The report, launched in Paris and Geneva, echoed the UN officials’ call on States to make more concrete commitments to address the challenge, and warned that climate change will affect the availability, quality and quantity of water needed for basic human needs, thus undermining enjoyment of the basic rights to safe drinking water and sanitation for billions of people.

Such a deterioration of the situation would only hinder achievement of Sustainable Development Goal 6 (SDG6), which is part of the 2030 Agenda for Sustainable Development, according to which access to safe drinking water and sanitation must be guaranteed for all within 10 years.

This will be a considerable challenge: ­2.2 billion people currently do not have access to safely managed drinking water, and 4.2 billion, or 55 per cent of the world’s population, are without safely managed sanitation.

UNESCO said that the critical need to substantially improve access to clean water for drinking and hygiene for billions of the world’s people has been further thrown into stark relief by the current deadly outbreak of COVID-19.

The 2020 World Water Development Reports reveals that water use has increased six-fold over the past century and is rising by about one per cent a year.

However, it is estimated that climate change, along with the increasing frequency and intensity of extreme events – storms, floods and droughts, will aggravate the situation in countries already currently experiencing ‘water stress’ and generate similar problems in areas that have not been severely affected.

Furthermore, the report highlights the fact that poor water management tends to exacerbate the impacts of climate change, not only on water resources but on society as a whole.

The Chairman of UN-Water, and President of the International Fund for Agricultural Development (IFAD), Gilbert Houngbo, said: “There are solutions for managing water and climate in a more coordinated manner and every sector of society has a role to play. We simply cannot afford to wait.”

To this end, the report outlines a range of adaptation and mitigation measures, including natural, technical and technological measures to curb damage, and steps humans can take to effectively to limit greenhouse gas emissions, as well as protect the environment.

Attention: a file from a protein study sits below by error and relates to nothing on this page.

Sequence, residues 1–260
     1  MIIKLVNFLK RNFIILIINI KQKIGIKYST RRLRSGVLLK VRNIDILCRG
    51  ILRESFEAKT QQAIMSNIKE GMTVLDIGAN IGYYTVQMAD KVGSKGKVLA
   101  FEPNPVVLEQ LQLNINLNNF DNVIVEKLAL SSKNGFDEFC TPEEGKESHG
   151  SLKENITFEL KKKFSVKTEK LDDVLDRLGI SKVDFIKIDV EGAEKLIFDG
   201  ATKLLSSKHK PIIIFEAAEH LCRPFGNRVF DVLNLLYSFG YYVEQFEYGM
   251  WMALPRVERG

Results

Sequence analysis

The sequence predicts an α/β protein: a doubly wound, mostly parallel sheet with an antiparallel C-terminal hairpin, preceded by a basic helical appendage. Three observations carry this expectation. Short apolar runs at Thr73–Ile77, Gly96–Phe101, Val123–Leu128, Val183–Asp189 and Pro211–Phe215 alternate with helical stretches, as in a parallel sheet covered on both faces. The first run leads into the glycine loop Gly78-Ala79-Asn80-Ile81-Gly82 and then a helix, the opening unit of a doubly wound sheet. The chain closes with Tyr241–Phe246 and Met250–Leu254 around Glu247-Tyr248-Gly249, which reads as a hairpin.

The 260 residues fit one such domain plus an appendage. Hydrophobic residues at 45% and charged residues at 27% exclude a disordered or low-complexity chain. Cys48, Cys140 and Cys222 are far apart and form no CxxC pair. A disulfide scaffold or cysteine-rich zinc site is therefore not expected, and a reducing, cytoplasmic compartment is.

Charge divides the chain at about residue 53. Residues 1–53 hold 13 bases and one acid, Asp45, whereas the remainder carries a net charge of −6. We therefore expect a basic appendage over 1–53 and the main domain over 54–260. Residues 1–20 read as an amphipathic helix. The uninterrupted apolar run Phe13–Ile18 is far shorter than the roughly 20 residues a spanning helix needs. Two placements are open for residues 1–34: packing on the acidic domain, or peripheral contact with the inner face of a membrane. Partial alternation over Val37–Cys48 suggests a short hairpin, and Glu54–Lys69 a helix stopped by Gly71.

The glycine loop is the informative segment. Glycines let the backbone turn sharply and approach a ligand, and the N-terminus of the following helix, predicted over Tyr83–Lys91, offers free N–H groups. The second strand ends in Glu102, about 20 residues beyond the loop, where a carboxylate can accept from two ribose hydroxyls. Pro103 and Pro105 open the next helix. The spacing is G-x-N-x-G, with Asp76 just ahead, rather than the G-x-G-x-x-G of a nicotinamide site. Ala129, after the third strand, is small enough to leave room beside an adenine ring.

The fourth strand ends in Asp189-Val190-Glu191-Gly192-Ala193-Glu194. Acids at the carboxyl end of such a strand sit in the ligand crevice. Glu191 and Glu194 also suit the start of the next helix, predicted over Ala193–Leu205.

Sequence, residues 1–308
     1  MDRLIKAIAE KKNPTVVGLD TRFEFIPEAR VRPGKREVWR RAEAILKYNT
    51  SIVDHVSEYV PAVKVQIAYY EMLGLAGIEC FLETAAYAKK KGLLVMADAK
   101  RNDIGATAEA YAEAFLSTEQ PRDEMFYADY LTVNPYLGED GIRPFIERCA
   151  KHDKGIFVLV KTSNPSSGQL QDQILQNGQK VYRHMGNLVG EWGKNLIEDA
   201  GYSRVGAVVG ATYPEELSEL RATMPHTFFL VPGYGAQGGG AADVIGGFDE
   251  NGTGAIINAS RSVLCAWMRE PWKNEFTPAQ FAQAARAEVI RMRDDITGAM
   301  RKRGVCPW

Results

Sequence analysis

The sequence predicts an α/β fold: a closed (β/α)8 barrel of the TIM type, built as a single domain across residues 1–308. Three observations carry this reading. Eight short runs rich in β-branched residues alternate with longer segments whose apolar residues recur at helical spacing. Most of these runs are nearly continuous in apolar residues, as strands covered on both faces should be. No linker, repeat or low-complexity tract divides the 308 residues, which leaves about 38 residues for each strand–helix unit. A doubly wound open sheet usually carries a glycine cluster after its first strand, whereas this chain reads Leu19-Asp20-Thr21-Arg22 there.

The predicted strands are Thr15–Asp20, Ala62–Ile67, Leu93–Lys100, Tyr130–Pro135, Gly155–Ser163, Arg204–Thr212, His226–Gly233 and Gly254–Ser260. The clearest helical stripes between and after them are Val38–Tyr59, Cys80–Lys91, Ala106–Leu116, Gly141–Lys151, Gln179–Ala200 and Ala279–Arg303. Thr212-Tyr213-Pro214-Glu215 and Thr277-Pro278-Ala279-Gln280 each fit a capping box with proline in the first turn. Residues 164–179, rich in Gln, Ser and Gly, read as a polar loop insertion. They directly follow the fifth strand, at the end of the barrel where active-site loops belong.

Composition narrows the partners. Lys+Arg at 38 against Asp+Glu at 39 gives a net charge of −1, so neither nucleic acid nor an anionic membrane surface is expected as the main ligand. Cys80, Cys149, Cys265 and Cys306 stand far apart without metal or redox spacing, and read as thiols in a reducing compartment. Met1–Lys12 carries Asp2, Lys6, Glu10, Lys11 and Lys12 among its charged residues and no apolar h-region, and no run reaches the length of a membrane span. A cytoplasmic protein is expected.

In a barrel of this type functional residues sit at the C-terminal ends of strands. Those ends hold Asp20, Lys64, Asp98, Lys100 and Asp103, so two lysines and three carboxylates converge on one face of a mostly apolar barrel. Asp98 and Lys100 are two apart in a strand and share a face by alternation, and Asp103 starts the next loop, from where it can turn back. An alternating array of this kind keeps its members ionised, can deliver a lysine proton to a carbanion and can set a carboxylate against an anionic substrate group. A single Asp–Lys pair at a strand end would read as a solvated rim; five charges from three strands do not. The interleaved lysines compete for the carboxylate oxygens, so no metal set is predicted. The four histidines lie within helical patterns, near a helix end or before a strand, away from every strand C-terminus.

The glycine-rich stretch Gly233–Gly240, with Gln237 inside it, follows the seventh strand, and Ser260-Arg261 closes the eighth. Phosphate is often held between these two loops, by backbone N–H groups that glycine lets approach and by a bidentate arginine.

The report also mentions innovative water management interventions such as fog capture, or more traditional ones such as wetland protection, as well as proven ‘conservation agriculture’ techniques. The ‘reuse’ of partially treated wastewater for agriculture and industry, without necessarily making it safe to drink, is another highlighted approach.

On the “crucial” question of financing, the authors argue that there are increasing opportunities to systematically integrate adaptation and mitigation planning into water-related investments, in order to make them more attractive to donors.

A good example of this is a Green Climate Fund project in Sri Lanka, it was pointed out. This aims to improve irrigation systems in vulnerable village communities and promote climate-smart agricultural practices in three river basins, offering both climate adaptation and mitigation benefits, while conserving water and protecting drinking water sources.

Various water and climate change initiatives can also bring co-benefits such as job creation, improved public health, poverty reduction, promotion of gender equality and improved livelihoods, further enhancing their attractiveness to donors, the report said.

Copyright Agency France-Presse, 2020



By PPI Published: March 16, 2020

KARACHI: Climate change is affecting the socio-economic development of the country, stated Pakistan Peoples Party leader Sharmila Farooqi in a statement issued on Sunday. She maintained that the mean annual temperature of the country was rising, with Sindh and Balochistan showing  the greatest increase. Despite this, she added, the Sindh government had adopted effective policies to tackle this issue.

“By the end of this century the temperature in Pakistan will be about one degree Celsius higher compared to the global average,” asserted Farooqi, adding that sea levels had risen in the country due to this.

The MPA claimed that according to the Senate’s Standing Committee on Science and Technology, the coastal areas of Badin and Thatta would likely sink within the next 30 years, and Karachi in the next 60 years. The relevant institutions must carry out studies and save the coastal areas of Sindh from sea intrusion, she added.

Farooqi also highlighted that climate change could disrupt food availability and affect food quality, because the projected increase in temperatures, changes in rainfall patterns, extreme weather events and reductions in water availability could all result in reduced agricultural productivity.

She said the country was also facing a loss of biological diversity in many regions, particularly in the Indus Delta, adding that devastating storms, hurricanes and heatwaves caused by climate change could be life-threatening in smaller countries with limited resources.